Business Resource Blog

Customer Pain Points

Imagine being sick.

Your throat hurts, you’re running a fever, and you have a bad cough. Even worse, you have a huge presentation tomorrow at work.

Without hesitation, you manage to get yourself in your car to drive to the store and Nyquil so that you can hopefully get some rest and wake up well enough to give that speech.

Your business must be your customers’ Nyquil.

When they are looking for the services you offer, they choose you without hesitation.

The only way to become that, however, is to know what their pain points are and how to easily and clearly communicate your ability to heal them (hint: it’s through your website!

In today’s blog post, I will talk you through how to identify your customers’ pain points and address them on your website.

If you can master the art of directly offering a reliable solution to customer pain via your website, you will gain more customers.

“No pain, no gain!” It’s as simple as that.

Your goal should be to figure out ways your company can be the go-to answer for your customers’ problems.Click To Tweet

 

Step 1: Understanding Pain Points

What is a pain point? Similar to a need or problem, a customer’s pain point is the reason they are searching for help.

Their pain point is the phrase they are typing into Google.

Your job as a business is to predict what customers will be searching for so you can be the first answer they see. As Inc. explains, “Pain is a reminder that unless your prospect has a need to solve a problem, they are not going to buy a product.”

 

Step 2: Identifying Pain Points

Karen Emanuelson has a great list of brainstorming questions to begin thinking about your customers’ pain points:

  • Imagine a day in the life of your customer
    What problem does your product or service address?
  • Ask current customers about their lifestyles and goals
    How do they perceive themselves?
  • Ask customers what motivates them – and what doesn’t.
    Find out what the customer really needs
  • What is the true source of pain?
    Sometimes, you’ll need to read between the lines and listen past the immediate requests
  • Who sees the most value in having that pain removed?
    These will be your best customers
  • Who will ultimately pay for a solution?
    The end user of your product/service is not always the one who pays i.e. child/parent or pet/owner
Develop curiosity and empathy when interacting with your customers.Click To Tweet

 

Continually be asking yourself, “How can I help my customer today?”.

A powerful tool to help you figure out what your customers might be trying to solve is the Keyword Tool Dominator.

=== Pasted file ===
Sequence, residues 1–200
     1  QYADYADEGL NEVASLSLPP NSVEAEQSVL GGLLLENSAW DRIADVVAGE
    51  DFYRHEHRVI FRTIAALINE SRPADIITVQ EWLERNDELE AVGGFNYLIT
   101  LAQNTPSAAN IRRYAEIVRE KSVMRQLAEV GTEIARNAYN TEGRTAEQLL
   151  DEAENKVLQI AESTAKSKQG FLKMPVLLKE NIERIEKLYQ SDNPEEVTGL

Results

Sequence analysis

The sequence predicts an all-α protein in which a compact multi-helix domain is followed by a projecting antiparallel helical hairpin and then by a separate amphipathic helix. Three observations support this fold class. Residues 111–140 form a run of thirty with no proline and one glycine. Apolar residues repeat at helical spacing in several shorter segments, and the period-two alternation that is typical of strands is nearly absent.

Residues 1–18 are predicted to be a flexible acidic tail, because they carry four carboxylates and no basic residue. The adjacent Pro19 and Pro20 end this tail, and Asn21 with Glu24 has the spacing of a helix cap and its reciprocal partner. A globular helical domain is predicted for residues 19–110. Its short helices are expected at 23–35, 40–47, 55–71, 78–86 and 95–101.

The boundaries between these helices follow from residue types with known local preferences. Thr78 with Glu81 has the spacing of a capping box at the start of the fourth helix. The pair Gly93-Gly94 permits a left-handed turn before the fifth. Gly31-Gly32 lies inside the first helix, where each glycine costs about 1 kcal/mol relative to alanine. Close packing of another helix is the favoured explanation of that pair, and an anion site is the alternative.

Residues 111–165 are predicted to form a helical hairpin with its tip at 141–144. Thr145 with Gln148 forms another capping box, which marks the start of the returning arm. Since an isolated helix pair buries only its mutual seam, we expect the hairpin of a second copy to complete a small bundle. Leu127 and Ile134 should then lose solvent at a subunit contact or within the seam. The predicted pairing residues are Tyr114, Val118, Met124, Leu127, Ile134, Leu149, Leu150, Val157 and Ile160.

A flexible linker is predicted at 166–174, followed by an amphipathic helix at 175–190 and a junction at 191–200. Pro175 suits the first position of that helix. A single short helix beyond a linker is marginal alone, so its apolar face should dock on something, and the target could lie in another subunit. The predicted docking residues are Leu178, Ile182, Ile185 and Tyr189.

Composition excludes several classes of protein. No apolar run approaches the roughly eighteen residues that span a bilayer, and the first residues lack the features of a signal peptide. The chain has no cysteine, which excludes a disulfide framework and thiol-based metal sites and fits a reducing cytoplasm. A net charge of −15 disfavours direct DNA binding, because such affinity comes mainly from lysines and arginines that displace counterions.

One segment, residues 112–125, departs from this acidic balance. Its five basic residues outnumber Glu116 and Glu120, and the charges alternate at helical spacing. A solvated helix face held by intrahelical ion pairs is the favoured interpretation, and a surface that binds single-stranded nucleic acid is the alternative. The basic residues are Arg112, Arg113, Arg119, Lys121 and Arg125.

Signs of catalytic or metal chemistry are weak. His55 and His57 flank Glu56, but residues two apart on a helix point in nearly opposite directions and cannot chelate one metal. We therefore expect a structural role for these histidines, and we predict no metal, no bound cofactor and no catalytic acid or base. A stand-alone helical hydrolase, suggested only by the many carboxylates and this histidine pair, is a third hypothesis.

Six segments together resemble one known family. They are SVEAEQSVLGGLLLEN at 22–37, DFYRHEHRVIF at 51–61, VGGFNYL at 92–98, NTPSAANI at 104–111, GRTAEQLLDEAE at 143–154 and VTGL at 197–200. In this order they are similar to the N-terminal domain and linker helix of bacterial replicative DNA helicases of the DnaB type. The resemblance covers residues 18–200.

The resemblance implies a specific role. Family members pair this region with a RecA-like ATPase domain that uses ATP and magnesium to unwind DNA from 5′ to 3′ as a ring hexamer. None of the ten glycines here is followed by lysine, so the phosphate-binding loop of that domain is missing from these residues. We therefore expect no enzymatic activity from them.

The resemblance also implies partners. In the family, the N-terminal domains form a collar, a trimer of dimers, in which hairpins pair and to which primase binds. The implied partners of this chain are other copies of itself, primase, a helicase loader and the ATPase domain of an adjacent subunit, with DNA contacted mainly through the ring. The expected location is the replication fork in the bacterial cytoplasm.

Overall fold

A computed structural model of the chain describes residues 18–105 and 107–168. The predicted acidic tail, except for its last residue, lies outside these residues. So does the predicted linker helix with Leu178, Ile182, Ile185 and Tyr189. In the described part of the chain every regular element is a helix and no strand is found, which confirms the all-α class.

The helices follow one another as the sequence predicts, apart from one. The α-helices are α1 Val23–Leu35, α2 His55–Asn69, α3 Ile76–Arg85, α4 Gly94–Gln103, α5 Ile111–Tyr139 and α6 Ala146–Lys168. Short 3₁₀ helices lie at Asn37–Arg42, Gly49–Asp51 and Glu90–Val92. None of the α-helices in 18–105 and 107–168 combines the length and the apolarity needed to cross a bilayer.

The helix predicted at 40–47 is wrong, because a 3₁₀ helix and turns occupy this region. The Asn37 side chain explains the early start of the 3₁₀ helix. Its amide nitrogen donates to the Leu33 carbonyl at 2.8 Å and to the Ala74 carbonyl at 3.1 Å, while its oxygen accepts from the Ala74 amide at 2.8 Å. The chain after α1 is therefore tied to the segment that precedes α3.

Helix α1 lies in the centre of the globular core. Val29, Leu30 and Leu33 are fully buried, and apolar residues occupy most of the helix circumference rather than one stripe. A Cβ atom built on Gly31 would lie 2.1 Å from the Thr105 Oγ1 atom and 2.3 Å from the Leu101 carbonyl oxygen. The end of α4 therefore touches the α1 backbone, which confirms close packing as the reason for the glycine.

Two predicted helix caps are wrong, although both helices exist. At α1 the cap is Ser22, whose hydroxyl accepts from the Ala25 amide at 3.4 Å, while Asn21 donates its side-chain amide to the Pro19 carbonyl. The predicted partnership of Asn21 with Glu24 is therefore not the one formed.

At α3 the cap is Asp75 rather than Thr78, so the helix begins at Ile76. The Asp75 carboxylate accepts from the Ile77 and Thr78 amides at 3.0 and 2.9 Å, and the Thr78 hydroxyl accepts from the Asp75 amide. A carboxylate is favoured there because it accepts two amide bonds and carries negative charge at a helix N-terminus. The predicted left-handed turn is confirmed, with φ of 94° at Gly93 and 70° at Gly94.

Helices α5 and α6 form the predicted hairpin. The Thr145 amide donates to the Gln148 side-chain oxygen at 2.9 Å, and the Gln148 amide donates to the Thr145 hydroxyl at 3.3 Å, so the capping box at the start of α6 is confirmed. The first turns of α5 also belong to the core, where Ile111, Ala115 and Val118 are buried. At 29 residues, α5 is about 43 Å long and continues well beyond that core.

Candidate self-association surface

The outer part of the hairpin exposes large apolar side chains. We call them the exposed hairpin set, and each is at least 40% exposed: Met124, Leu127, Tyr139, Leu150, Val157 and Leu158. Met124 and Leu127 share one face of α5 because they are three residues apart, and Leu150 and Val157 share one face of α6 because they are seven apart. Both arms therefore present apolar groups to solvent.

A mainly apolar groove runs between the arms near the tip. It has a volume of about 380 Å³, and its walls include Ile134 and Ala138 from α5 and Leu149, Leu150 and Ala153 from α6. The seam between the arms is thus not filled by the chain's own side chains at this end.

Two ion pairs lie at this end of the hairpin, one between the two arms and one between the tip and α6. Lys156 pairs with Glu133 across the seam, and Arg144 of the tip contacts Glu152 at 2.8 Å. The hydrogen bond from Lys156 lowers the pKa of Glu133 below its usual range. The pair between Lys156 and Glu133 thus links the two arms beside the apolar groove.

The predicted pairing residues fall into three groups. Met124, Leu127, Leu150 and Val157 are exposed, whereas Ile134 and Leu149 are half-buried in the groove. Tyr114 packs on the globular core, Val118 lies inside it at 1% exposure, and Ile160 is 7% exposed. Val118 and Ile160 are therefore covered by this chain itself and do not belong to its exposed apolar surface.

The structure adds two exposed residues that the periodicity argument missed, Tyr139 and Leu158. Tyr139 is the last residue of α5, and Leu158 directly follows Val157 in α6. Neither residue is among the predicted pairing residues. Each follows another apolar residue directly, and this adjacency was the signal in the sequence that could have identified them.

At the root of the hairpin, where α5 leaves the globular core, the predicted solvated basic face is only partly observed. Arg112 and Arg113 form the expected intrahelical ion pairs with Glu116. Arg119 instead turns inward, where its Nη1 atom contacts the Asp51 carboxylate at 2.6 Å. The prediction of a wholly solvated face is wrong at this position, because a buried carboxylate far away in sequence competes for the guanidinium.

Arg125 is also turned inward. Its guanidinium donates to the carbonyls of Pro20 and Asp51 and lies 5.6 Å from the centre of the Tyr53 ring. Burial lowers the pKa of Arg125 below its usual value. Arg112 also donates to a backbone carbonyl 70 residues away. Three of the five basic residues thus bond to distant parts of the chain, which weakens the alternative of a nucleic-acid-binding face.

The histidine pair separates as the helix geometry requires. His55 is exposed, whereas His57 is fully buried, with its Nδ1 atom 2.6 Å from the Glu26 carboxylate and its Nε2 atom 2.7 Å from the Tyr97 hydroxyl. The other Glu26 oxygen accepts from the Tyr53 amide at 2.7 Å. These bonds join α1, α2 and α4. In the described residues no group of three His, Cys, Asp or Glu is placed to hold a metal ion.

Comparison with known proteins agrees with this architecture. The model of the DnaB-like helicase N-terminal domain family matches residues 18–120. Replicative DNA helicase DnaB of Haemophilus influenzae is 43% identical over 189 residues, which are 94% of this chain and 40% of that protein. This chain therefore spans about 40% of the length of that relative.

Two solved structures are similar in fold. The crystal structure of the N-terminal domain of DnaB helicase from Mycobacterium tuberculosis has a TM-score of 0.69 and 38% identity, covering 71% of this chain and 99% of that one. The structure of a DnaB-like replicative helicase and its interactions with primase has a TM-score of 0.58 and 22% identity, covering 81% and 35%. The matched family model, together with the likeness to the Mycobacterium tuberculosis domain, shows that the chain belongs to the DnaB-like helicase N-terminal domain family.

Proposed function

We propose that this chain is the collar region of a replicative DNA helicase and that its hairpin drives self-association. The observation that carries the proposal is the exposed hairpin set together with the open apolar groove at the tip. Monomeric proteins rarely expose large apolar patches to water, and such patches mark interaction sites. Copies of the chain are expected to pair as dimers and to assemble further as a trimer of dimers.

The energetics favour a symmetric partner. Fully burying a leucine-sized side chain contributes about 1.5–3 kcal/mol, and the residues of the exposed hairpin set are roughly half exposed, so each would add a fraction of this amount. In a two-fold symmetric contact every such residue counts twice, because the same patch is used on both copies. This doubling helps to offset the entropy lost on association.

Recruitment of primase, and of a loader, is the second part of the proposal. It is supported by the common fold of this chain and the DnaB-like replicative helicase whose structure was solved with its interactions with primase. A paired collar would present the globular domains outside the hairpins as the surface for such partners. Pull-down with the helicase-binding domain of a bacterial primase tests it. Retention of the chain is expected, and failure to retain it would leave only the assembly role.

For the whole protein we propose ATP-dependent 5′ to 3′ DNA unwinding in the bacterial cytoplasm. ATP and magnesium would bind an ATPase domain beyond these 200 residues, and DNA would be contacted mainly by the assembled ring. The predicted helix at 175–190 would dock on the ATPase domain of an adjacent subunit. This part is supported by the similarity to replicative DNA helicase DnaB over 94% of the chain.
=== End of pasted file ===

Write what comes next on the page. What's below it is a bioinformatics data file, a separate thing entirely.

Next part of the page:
Simply type in a phrase with an “*” to hold the place of what your customer may need, and a list of responses come up.

For example, if I type, “How * WordPress website?” a list generates with phrases such as, “How much does a WordPress website cost?” and “How to design a WordPress website?”

This gives me a better idea of what people are searching for and how I can speak to their needs.

 

Step 3: Website Solutions to Customer Pain Points

It’s pretty amazing how much information you can get from customers if you take the time to listen.

Once you’ve gathered that information and have it in mind, as Fast Company points out, “…switch gears and develop cures.

Focus on healing. Let that be your guide as you…make the pain go away.

How do you present your cure?

By creating a compelling website copy that clearly defines how you solve their problem. I cannot emphasize this enough and it’s why we are always talking about the importance of what your website says. In addition to the design, your website must provide the solution that searchers are looking for.

Keywords.

Remember all of those words and phrases people were using in their Google searchers to find solutions to their problems?

Use them!

If they can see their own language in your text, they will have a stronger draw to what solution you are offering because they see themselves in what you’re describing.

Examples.

It’s much more powerful to lead by examples that potential customers can recognize versus statistics or general statements.

If you can paint a picture of their current situation—

“You rushed off to work this morning only to find you forgot your briefcase. You turn around and realize you’re locked out of your house. Now what?”

—they will be intrigued by what you have to offer.

They will also believe that you understand, that you can relate, and that’s a huge piece of the process. They will develop trust and believe what you are telling them.

Clear, simple solutions.

Outline your solution in a way that makes it feel incredibly easy to say “Yes!” to you.

If there are numerous steps, if your product or service isn’t described clearly, or if some piece of the process feels daunting, you will lose the sell.

Work hard on this section to highlight how your product or service heals their pain point, and give concrete examples of what their life will look like without those awful pain points.

Help them picture a new life with you in it.Click To Tweet

 

Till next time,

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